From 16 June 1842 until 1980, probate records were kept by the Supreme Court. In 1980 the name of the Supreme Court was changed to the High Court.  Most wills were probated in the court nearest a person’s place of residence. More recent wills are held in the local probate courts so it is important to search the records of all probate courts in all localities where the individual had property.  Archives New Zealand now holds the early wills from 16 June 1842 up to the 1970s and 1980s.

www.archway.archives.govt.nz/ and go to Simple Search, and enter the Name of the person whose Will/Probate you want to find. This will list all the articles that has the persons name in that you are searching that are held at Archives N.Z. When you tap on More, that will give you the details of the Article, and where you can view the Will or send for a copy.

A chart showing the location of wills and administrations for each of the High Courts as of 1 August 1995 is provided in Bromell, Anne. Tracing family history in New Zealand. Auckland, New Zealand: Godwit Publishing Ltd., 1996. Pg. 90. This chart can be valuable in locating the whereabouts of the wills of your ancestors.

Types of Probate Records

Will.Technically, a will conveys real (immovable) property to heirs after an individual’s death. A registered will is an official copy made by a court clerk.

Testament. A testament conveys personal (moveable) property to heirs. The use of the word ‘will’ eventually referred to both a will and a testament combined in one document.

Codicil. This is a signed, witnessed addition to a will appended sometime after the will was originally written and signed.

Administration, Letters of Administration or Admon. This is a document appointing someone to supervise the distribution of the estate of a deceased person who died ‘intestate’ (without leaving a will). This document gives very little information but may contain some useful clues. The administrator is usually a relative of the deceased.

Admon with Will. This is a document which grants administration of an estate to someone besides the executor named in the will when the executor has since died, is unwilling, or is unable to act as executor. A copy of the will is attached.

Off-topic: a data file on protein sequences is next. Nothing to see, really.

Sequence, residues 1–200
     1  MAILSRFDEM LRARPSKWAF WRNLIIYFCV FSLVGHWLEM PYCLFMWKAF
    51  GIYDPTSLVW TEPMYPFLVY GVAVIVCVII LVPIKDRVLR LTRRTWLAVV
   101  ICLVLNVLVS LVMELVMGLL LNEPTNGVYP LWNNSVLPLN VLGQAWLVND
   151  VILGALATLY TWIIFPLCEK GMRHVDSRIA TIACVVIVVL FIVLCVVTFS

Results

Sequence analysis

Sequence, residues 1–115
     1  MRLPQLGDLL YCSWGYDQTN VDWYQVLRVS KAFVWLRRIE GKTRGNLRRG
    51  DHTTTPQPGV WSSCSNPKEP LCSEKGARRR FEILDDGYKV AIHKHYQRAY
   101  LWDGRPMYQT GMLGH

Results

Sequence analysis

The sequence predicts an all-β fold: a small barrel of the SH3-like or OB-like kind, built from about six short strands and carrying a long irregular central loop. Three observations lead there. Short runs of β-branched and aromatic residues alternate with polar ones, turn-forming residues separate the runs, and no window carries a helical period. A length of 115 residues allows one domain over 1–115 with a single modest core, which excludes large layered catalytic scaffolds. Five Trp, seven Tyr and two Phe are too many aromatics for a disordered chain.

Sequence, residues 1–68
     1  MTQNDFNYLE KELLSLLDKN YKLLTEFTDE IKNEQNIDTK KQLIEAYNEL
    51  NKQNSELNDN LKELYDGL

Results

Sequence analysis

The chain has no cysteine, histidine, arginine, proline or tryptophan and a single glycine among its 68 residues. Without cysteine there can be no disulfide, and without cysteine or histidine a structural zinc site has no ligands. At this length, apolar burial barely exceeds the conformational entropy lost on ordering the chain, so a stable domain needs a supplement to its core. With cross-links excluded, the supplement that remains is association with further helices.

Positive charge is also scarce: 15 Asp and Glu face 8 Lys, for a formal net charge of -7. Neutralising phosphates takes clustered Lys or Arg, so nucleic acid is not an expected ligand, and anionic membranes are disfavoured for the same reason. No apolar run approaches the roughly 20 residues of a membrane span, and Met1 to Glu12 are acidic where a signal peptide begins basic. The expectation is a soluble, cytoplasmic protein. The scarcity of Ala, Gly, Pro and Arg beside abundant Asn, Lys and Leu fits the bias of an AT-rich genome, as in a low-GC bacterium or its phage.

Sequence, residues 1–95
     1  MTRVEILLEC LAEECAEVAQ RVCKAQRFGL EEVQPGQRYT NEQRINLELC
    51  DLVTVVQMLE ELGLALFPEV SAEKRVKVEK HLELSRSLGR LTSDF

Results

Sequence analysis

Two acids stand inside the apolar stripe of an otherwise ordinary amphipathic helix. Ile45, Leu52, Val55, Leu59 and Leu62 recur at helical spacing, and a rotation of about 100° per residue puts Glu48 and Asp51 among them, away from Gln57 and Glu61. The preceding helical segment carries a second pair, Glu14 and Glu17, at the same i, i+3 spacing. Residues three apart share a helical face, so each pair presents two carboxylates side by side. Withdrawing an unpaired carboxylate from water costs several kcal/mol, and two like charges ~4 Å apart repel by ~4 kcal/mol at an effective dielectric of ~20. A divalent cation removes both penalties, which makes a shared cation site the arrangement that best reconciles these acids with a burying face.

Inventory. An inventory lists belongings and their values, including such items as household goods, tools, and personal items. Occupations are often mentioned.

Probate and Testamentary Registers. These are books which list the wills and administrations handled by a court. They give the name of the deceased, date of death, date of probate, lists of documents filed for the disposition of the case, executors and administrators and bonds posted.

Bond. A bond is a written guarantee that a person will faithfully perform the tasks assigned to him by a probate court. The executors posted testamentary bonds, the administrator posted administration bonds, and the guardian of a minor child posted a bond of tuition or curation.

Death Duty Registers

When wills and letters of administration were probated, a duty was imposed. The records listed below identify those duties and the information needed to access them. These records can often be used as indexes to finding original probate records.

1867-1876 - Succession, Legacy and Residuary Duty Registers. These registers were the result of the Stamp Duties Act of 1866. They record duties payable and paid to the District Commissioners of Stamp Duties. Three different registers were created at the district level, one for each different type of duty. These registers can be accessed in each district. They provide name and date of death. While these records were created at the district level, the Stamp Duties Department in Wellington recorded in central registers the succession, legacy and residuary duties paid. These central registers are known as Colonial Registers. The Archives New Zealand holds the complete set for 1867-1876. For the address of  Archives New Zealand, see New Zealand Archives and Libraries.